House Republican Leader Jim Durkin, R-Western Springs, anticipates a quiet legislative session next week with little in the way of substantive bills to be considered.
But state Rep. Frank Mautino, D-Spring Valley, expects fireworks if a special appropriation comes before the House to pay unionized state workers back pay for raises promised by Gov. Pat Quinn, for which the Illinois General Assembly has denied funding.
“A judge has ordered the state to pay the money,” Mautino said. “He says it doesn’t matter if we don’t have the money – we still have to pay. And it’s costing us. We are having to pay 7 percent interest on that money until it is paid to the workers. I expect that will be an issue we have to deal with.”
Mautino said the total amount of back pay in question is $112 million.
“That is a pretty substantial amount of money and it has to be dealt with,” he said.
Lawmakers expect little movement on pensions. Illinois’ pension conference committee has been meeting for several months to discuss several pension reform proposals. But it has not reached a consensus.
“My experience is that veto sessions tend to be over-hyped. People go into them expecting far more than actually happens. I’m not expecting a pension vote during veto session,” Durkin said.
State Sen. Matt Murphy, R-Palatine, serves on the pension conference committee. He said a pension vote is possible during the second week of veto session, but added it is not likely.
State Sen. Kyle McCarter, R-Lebanon, said he there is a 50/50 chance a pension bill will come up for a vote during the two weeks of veto session.
“The real question we should be asking is not whether it will come up for a vote, but whether it worth voting for,” he said. “And to be honest, I don’t anticipate a bill worth voting for. Illinois has to get out of the pension business. And that is not going to happen until employees are switched over to 401(k)-type plans.”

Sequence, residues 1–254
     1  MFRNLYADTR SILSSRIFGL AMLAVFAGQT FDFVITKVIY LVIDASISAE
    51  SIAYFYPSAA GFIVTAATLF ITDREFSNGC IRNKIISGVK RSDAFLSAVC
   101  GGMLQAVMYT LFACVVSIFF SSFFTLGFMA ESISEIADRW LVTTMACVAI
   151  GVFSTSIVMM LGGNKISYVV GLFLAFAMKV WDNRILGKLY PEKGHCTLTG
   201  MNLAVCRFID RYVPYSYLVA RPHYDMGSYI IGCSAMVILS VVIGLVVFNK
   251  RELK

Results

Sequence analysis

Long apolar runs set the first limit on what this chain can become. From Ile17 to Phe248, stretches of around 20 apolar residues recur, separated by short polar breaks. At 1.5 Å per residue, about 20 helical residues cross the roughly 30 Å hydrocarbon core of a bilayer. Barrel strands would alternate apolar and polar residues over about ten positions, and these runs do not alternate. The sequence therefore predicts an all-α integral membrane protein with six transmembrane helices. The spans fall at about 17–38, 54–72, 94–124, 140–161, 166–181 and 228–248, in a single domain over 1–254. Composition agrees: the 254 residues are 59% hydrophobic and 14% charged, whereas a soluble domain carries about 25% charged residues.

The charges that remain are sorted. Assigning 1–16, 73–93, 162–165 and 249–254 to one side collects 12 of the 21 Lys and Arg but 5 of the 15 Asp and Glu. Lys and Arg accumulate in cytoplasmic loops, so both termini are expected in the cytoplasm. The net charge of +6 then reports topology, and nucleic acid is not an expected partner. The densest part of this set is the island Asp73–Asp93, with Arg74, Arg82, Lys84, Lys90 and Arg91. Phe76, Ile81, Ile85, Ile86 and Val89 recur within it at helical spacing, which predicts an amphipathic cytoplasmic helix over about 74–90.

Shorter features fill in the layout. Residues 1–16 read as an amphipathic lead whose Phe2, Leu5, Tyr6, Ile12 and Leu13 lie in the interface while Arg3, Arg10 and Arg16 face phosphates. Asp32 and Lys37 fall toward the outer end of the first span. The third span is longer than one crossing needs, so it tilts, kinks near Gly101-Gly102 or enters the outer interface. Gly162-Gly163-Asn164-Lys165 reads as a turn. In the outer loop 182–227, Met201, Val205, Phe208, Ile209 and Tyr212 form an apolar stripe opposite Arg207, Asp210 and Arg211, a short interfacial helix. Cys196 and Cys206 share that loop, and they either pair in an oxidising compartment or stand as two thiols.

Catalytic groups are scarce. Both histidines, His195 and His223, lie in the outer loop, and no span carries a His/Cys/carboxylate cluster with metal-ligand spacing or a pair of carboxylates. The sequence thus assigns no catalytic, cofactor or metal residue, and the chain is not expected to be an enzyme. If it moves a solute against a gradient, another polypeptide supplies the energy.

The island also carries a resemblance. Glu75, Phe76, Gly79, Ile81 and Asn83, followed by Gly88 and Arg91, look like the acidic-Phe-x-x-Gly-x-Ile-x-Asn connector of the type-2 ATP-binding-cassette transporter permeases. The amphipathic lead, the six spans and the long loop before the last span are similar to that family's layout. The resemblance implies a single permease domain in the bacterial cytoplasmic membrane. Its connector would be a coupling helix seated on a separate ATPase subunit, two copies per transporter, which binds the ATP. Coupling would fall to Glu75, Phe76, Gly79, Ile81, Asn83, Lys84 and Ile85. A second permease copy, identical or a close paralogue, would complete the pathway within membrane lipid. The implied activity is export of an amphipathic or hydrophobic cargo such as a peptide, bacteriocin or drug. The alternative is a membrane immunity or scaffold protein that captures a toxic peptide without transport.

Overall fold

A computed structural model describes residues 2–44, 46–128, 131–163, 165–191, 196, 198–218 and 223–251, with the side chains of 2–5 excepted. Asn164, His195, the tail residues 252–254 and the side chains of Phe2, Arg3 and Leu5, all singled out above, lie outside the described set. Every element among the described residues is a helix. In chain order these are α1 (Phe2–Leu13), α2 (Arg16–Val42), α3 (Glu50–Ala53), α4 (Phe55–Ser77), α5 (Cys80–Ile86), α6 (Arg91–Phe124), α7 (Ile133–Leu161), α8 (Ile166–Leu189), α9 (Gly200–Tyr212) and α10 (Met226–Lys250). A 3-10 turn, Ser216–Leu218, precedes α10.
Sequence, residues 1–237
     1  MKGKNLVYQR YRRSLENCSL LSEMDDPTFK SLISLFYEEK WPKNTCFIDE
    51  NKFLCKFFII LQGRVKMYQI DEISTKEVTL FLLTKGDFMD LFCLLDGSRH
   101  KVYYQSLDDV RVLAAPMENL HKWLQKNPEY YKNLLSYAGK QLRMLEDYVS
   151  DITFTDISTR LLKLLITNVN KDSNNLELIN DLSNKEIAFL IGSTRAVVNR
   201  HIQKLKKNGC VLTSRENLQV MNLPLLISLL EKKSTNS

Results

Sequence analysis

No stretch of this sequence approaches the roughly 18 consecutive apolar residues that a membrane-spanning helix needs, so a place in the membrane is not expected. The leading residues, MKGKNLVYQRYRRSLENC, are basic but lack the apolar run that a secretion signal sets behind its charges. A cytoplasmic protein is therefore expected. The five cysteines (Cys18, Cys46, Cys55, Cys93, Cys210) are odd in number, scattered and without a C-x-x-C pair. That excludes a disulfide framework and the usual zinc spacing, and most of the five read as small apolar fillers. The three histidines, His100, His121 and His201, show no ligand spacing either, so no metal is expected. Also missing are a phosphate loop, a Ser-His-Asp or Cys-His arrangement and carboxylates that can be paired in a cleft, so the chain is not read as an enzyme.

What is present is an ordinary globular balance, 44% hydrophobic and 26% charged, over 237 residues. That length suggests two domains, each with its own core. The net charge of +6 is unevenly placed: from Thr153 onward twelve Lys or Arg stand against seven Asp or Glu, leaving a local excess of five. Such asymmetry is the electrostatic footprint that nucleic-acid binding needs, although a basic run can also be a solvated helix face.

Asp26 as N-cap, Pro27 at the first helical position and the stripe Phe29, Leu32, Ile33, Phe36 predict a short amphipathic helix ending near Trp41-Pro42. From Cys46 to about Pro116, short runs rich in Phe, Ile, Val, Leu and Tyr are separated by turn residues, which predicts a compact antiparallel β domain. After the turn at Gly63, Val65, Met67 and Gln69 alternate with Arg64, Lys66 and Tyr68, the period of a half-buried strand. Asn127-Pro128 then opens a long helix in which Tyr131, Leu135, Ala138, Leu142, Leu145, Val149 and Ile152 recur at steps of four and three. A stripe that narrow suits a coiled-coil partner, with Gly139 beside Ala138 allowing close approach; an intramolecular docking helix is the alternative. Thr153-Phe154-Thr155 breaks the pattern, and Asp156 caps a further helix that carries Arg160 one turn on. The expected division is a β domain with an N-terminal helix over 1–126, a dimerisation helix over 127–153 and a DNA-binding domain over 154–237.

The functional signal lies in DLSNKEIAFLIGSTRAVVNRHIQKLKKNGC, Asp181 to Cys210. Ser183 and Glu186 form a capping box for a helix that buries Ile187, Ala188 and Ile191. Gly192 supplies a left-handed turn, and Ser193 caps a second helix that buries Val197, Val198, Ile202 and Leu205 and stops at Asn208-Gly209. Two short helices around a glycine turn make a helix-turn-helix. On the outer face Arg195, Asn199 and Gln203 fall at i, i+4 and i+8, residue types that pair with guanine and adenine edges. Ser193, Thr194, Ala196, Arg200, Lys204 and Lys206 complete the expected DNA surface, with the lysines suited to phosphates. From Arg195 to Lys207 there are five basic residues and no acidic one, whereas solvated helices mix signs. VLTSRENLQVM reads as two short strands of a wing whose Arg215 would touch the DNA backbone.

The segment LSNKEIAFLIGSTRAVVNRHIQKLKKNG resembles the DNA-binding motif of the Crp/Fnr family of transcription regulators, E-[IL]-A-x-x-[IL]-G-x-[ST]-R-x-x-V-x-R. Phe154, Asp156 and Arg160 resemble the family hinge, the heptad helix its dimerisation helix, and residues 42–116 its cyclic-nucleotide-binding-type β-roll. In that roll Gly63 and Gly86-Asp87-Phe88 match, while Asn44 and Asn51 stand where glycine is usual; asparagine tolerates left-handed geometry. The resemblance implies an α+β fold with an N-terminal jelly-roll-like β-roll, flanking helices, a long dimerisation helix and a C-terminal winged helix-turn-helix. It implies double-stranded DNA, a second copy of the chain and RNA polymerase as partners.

Kudos to Kraft
Personally, I don’t think Illinois has any business operating a baseball stadium.
Unfortunately, Illinois helped set the trend 25 years ago for professional sports teams to receive government handouts when the Illinois General Assembly agreed to build a ballpark for the White Sox.
But now that taxpayers are saddled with a ballpark, we ought to take a look at how well it is run.
As you know, there was quite a bit of controversy when Gov. Pat Quinn pushed to appoint one of his staffers, Kelly Kraft, to manage the Illinois Sports Facilities Authority, or ISFA, which operates U.S. Cellular Field.
I’ve been pleasantly surprised by a winning move Kraft has made. She ended the longtime practice of fêting politicians at the taxpayers’ expense in a private suite at U.S. Cellular field.
Back in 1988, when I first started covering the Illinois General Assembly, then-Gov. James R. Thompson and Speaker of the House Mike Madigan were instrumental in creating a sweetheart deal with the White Sox, who were threatening to move to Tampa, Fla.
The ISFA was created to build and operate a ballpark for the team. For most of time the Sox have used the stadium, they have not paid rent. During years when rent has been paid, it is far below market value.
Taxpayers subsidize the operation of the ballpark.
Given this scenario, I got to wondering if elected officials were being wined and dined by the authority. Lobbying and state subsidies seem to go hand in hand.
So I filed a Freedom of Information Act request for guest lists to the authority’s suite. The list of everyone who has been an ISFA guest in the suite for the last five years can be found here: http://ilnews.org/wp-content/uploads/2013/10/Illinois-Policy-9-23-13-response-pt-2b.pdf.
As you can see, U.S. Sen. Dick Durbin, Gov. Pat Quinn, and a host of state lawmakers and Chicago aldermen have taken advantage of the free perk. And unlike private lobbyists, a governmental entity such as the ISFA does not have to disclose the gifts it makes to lawmakers.
That’s not the way it ought to be.
Governmental entities that are lobbying for taxpayer support ought to face the same disclosure rules as everyone else.
After reviewing the list of guests, I contacted Kraft about ISFA policy on interacting with legislators. She told me that since she took over the helm of the authority 10 months ago, it stopped hosting political bigwigs with free game-day tickets and other perks.
Instead, the facility’s suite is donated to charities for fundraising purposes.